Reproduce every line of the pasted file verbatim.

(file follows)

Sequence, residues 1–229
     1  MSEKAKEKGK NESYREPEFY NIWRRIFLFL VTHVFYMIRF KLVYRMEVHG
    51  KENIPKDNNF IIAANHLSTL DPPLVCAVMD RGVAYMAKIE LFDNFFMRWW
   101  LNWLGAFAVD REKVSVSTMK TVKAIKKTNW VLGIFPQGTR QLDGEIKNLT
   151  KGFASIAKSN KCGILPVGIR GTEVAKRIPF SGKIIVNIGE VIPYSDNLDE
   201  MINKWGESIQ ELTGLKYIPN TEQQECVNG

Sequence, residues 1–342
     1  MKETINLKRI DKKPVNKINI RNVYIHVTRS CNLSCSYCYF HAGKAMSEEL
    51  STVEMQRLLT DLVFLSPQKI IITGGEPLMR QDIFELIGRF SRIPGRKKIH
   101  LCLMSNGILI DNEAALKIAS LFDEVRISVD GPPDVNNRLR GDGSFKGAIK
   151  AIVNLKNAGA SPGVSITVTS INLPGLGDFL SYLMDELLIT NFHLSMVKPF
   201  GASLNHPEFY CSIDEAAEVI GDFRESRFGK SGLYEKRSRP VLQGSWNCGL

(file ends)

Sequence, residues 1–229
     1  MSEKAKEKGK NESYREPEFY NIWRRIFLFL VTHVFYMIRF KLVYRMEVHG
    51  KENIPKDNNF IIAANHLSTL DPPLVCAVMD RGVAYMAKIE LFDNFFMRWW
   101  LNWLGAFAVD REKVSVSTMK TVKAIKKTNW VLGIFPQGTR QLDGEIKNLT
   151  KGFASIAKSN KCGILPVGIR GTEVAKRIPF SGKIIVNIGE VIPYSDNLDE
   201  MINKWGESIQ ELTGLKYIPN TEQQECVNG

Sequence, residues 1–342
     1  MKETINLKRI DKKPVNKINI RNVYIHVTRS CNLSCSYCYF HAGKAMSEEL
    51  STVEMQRLLT DLVFLSPQKI IITGGEPLMR QDIFELIGRF SRIPGRKKIH
   101  LCLMSNGILI DNEAALKIAS LFDEVRISVD GPPDVNNRLR GDGSFKGAIK
   151  AIVNLKNAGA SPGVSITVTS INLPGLGDFL SYLMDELLIT NFHLSMVKPF
   201  GASLNHPEFY CSIDEAAEVI GDFRESRFGK SGLYEKRSRP VLQGSWNCGL